Working hard damages your reputation.

Consistently working long hours sends signals to others that you can’t prioritise, delegate (and thus trust others), don’t value yourself fully, are insecure in your own abilities (because you’re having to outwardly prove yourself) and shows you don’t truly care about your own health.  If you can’t honour and respect yourself, or be confident in your own abilities or worth, then why expect others to?

Working hard causes you to miss out on the important things in life.

Slaving over a report, perfecting that presentation, working long hours pushes us deep into the weeds and we begin to lose sight of what’s really important.  We lose our perspective on and connection with life.  In the book ‘The Five Top Regrets of the Dying’ by Bronnie Ware, a palliative carer, nobody ever said to her that they’d wished they’d worked harder.

Working hard reduces your self-esteem.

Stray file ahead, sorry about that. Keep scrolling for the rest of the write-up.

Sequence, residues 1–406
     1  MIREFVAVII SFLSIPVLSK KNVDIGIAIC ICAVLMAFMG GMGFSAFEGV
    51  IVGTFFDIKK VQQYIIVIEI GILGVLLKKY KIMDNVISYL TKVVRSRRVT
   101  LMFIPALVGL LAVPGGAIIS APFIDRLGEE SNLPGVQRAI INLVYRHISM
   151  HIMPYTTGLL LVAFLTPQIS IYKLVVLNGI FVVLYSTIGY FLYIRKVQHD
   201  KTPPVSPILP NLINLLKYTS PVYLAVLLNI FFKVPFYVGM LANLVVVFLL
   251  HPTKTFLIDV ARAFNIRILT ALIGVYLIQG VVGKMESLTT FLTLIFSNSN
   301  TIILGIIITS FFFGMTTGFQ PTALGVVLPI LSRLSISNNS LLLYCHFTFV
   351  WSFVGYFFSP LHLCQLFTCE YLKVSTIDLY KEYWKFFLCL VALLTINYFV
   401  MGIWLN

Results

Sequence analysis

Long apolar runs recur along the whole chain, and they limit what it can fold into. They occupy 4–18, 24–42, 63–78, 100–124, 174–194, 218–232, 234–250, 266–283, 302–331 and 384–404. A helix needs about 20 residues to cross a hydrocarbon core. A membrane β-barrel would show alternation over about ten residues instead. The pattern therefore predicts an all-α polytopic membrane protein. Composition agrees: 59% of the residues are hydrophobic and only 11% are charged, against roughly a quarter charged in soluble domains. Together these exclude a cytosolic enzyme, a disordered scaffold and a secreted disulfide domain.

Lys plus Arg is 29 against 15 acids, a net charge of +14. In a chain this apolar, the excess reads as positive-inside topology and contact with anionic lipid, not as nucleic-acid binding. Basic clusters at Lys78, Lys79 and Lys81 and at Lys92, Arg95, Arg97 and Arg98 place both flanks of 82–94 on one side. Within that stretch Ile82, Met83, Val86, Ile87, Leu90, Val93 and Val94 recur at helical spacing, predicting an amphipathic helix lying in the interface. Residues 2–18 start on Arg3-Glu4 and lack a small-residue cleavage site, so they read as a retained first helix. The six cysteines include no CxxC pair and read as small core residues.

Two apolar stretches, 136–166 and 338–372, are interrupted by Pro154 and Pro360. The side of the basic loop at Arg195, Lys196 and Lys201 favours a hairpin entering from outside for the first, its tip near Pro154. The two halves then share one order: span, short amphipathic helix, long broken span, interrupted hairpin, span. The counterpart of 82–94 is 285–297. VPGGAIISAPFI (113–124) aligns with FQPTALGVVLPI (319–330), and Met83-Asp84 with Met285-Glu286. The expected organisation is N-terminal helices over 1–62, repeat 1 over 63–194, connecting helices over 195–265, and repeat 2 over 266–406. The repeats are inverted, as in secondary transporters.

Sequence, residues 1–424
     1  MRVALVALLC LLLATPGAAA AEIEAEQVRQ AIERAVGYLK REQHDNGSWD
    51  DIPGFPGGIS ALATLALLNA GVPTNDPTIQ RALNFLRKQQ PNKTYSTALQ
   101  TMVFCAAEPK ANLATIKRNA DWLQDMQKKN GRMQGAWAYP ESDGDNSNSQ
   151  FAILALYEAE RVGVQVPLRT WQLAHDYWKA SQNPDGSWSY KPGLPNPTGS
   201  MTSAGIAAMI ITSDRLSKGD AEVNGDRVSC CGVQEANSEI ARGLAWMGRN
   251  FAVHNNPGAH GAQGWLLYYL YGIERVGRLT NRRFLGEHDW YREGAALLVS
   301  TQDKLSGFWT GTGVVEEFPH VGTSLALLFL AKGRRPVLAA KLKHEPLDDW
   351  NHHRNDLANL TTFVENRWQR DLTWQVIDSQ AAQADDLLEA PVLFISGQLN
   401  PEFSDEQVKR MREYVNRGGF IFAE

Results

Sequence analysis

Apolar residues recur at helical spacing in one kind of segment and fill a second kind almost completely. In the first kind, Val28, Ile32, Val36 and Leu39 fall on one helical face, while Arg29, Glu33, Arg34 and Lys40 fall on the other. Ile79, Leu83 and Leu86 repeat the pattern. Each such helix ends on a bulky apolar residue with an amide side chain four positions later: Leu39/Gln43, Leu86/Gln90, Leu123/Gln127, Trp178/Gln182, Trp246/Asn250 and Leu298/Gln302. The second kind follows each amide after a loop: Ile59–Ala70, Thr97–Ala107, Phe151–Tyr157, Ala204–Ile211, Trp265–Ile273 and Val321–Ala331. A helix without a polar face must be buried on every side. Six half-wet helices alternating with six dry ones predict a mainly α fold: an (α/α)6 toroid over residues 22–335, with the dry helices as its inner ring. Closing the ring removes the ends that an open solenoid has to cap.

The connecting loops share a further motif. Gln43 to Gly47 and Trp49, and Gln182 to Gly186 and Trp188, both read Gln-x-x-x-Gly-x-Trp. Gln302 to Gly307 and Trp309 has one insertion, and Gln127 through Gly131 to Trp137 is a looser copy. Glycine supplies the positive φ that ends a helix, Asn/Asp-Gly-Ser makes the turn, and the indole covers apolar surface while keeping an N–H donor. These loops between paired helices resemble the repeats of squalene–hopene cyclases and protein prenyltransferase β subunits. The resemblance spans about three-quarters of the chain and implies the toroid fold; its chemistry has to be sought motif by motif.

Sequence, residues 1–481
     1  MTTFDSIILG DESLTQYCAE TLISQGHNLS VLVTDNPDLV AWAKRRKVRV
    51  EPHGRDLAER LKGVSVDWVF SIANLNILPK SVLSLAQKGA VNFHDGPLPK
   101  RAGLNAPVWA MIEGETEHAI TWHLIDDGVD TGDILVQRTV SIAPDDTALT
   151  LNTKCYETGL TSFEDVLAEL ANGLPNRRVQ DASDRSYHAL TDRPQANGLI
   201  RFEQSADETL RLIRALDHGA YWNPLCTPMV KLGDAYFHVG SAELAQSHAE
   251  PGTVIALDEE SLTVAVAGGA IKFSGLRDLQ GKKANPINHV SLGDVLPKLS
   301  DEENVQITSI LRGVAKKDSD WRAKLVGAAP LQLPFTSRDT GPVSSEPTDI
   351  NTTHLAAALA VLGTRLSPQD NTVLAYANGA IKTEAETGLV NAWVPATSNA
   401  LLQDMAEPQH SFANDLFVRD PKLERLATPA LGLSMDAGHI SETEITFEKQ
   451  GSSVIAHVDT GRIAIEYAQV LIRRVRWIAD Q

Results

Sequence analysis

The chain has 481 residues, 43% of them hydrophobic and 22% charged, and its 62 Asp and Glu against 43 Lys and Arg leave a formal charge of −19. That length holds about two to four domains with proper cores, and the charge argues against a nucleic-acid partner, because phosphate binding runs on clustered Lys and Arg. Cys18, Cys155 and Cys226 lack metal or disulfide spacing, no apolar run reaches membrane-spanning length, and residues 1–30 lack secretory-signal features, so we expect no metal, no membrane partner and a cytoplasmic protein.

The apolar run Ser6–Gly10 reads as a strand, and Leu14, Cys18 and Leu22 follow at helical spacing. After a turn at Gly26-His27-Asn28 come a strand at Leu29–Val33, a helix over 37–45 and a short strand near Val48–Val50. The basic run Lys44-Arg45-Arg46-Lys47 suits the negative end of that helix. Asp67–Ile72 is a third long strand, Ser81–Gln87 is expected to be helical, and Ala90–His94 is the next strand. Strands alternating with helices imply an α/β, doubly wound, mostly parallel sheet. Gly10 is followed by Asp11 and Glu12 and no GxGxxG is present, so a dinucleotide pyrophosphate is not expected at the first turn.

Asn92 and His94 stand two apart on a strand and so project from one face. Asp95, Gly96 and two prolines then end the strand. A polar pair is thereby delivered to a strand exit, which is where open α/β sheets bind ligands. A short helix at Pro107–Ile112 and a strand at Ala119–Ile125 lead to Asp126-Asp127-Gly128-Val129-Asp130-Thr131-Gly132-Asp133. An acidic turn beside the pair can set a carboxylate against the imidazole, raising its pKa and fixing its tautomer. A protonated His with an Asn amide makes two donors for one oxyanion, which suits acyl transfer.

While it might bolster your ego to say ‘ I have to work late’,  because it sounds and feels as if you’re important, what you’re actually doing if you consistently work hard is crashing your self-esteem because you’re repeatedly (albeit maybe subconsciously) telling yourself that you’re only good enough if you work hard.  It begins to define you, triggering guilt or low self-worth if you even consider taking a break or reducing your hours.

Working hard negatively affects your relationships.  

All work and no play makes for dull people … and stressed, tetchy, impatient and disconnected people.  If you’re not upholding good, healthy boundaries at work you’ll likely not set or uphold good boundaries and command respect at home or in your personal relationships.  If you don’t feel you can say ‘No’ at work, likely the same is true elsewhere in your life. It all adds up to feeling resentful and discontented. For any relationship to succeed it requires time and effort, but if our efforts are primarily channelled into work then it’s no wonder the arguments arise, the disconnection from your loved ones happens and your relationships break down.